Scientists dash to explore Antarctic ecosystem hidden by ice for 120,000 years

February 13, 2018 by  
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Scientists are seeking to explore an underwater area previously covered by an Antarctic ice shelf for 120,000 years. Climate change is affecting every corner of the globe and while its challenges are well known, the dramatic changes also open up new opportunities for exploration. The recent breaking away of a trillion-ton iceberg the size of Delaware from Antarctica’s Larsen C Ice Shelf offers scientists a chance to gain a greater understanding of the polar aquatic ecosystem that dwells beneath the ice. Researchers are now in a race against time to study the 2,246 square-mile area before it begins to change. “The calving of [iceberg] A-68 [from the Larsen C Ice Shelf] provides us with a unique opportunity to study marine life as it responds to a dramatic environmental change,” said Kkatrin Linse of the British Antarctica Survey (BAS) in a statement. “It’s important we get there quickly before the undersea environment changes as sunlight enters the water and new species begin to colonize.” Two previous efforts to explore newly exposed Antarctic ecosystems in 1995 and 2002 yielded little in terms of studied life. However, both efforts took five to 12 years after an iceberg’s break before studying the area up close. By then, organisms had begun to occupy space in the newly open habitat. Related: Meteorologist warns collapse of two Antarctic glaciers could flood every coastal city on Earth Scientists are set to depart from the Falkland Islands on February 21, then spend three weeks aboard the BAS research vessel RRS James Clark Ross on which the team will gather and study biological samples from organisms, sediments, and water . During their study, the team may encounter such wild Antarctic creatures as the icefish, which creates natural antifreeze within its body to survive in frigid waters, or the bristled marine worm, described by Live Science as “ a Christmas ornament from hell. “ Via Live Science Images via NASA   (1)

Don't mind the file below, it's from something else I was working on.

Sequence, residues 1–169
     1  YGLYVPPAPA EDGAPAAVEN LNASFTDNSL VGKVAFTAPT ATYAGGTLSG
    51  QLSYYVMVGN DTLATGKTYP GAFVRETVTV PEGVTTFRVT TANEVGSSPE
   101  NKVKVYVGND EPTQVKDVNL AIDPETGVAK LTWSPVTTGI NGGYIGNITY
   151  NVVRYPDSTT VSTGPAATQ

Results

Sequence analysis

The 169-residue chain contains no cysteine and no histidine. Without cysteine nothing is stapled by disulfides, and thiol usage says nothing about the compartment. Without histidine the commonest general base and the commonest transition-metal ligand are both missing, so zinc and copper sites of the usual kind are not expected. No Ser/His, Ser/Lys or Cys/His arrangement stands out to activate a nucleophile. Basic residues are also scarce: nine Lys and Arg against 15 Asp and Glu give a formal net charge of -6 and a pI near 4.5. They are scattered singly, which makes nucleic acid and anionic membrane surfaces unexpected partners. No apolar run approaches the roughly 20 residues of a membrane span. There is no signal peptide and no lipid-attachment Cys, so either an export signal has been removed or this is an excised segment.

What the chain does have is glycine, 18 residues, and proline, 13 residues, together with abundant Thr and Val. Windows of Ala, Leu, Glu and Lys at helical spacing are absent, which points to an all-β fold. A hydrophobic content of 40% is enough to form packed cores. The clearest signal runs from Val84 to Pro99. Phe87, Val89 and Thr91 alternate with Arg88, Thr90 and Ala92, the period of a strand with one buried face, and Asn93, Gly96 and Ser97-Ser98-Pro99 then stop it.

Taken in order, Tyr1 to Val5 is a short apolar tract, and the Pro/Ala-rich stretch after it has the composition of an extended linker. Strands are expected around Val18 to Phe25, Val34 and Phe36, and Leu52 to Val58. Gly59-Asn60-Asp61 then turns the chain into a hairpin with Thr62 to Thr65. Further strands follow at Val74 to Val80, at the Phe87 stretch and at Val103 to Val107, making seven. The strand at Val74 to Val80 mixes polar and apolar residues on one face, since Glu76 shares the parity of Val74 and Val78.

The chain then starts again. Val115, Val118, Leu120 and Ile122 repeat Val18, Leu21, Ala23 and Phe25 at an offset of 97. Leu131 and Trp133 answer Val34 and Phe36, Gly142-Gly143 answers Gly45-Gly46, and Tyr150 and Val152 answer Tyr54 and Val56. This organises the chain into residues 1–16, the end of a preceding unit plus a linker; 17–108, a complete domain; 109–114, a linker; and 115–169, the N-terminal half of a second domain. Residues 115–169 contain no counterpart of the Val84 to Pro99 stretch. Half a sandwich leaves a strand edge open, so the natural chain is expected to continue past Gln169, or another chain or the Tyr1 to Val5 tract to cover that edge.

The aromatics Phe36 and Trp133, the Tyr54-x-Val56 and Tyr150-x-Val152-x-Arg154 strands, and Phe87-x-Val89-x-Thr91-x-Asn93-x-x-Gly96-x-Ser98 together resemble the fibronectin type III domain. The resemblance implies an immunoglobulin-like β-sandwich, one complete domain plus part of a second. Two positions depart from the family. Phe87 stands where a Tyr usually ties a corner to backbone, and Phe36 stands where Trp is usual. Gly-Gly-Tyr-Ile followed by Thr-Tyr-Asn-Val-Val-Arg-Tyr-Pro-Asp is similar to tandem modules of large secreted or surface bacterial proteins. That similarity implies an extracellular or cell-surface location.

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Scientists dash to explore Antarctic ecosystem hidden by ice for 120,000 years

Scientists unearth potential evidence of climate change 2,400 feet beneath Antarctic ice sheet

January 20, 2015 by  
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A research team on the coast of West Antarctica has uncovered evidence that could indicate the effects of climate change deep beneath one of most isolated parts of the ocean. Earlier this month, a team of 40 scientists, ice drillers, and technicians celebrated the accomplishment of breaking through a 2,400 foot-thick ice sheet with a video probe that revealed pebbles on the sea floor, which normally wouldn’t be found at that depth. Read the rest of Scientists unearth potential evidence of climate change 2,400 feet beneath Antarctic ice sheet Permalink | Add to del.icio.us | digg Post tags: antarctica , Climate Change , drilling , glaciers , global warming , ice , ocean , ocean floor , pebbles , polar , prove , research , scientists

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Scientists unearth potential evidence of climate change 2,400 feet beneath Antarctic ice sheet

VIDEO: Do Polar Bears Eat Fast Food Too?

September 25, 2014 by  
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A polar bear caught chomping on a goose egg. No fries with that, though. We humans have been seeing a trend towards slow food, but it looks like polar bears may be headed in the opposite direction. Joshua Davis, Michael Kirby Smith and James Gorman recently made a fascinating video for the New York Times about how scientists in the Western Hudson Bay have observed polar bears gorging themselves on easy-to-grab goose eggs (with some bears eating 200-300 nests of eggs in a 96 hour period) instead of partaking in their traditional meal of seals. But what does this dining drift mean in terms of climate change? Read on for the full video. Read the rest of VIDEO: Do Polar Bears Eat Fast Food Too? Permalink | Add to del.icio.us | digg Post tags: Climate Change , climate scientists , global warming , global warming polar bears , james gorman , Joshua Davis , Michael Kirby Smith , polar bear food , polar bears , polar bears eating geese , polar bears eggs , seals , Western Hudson Bay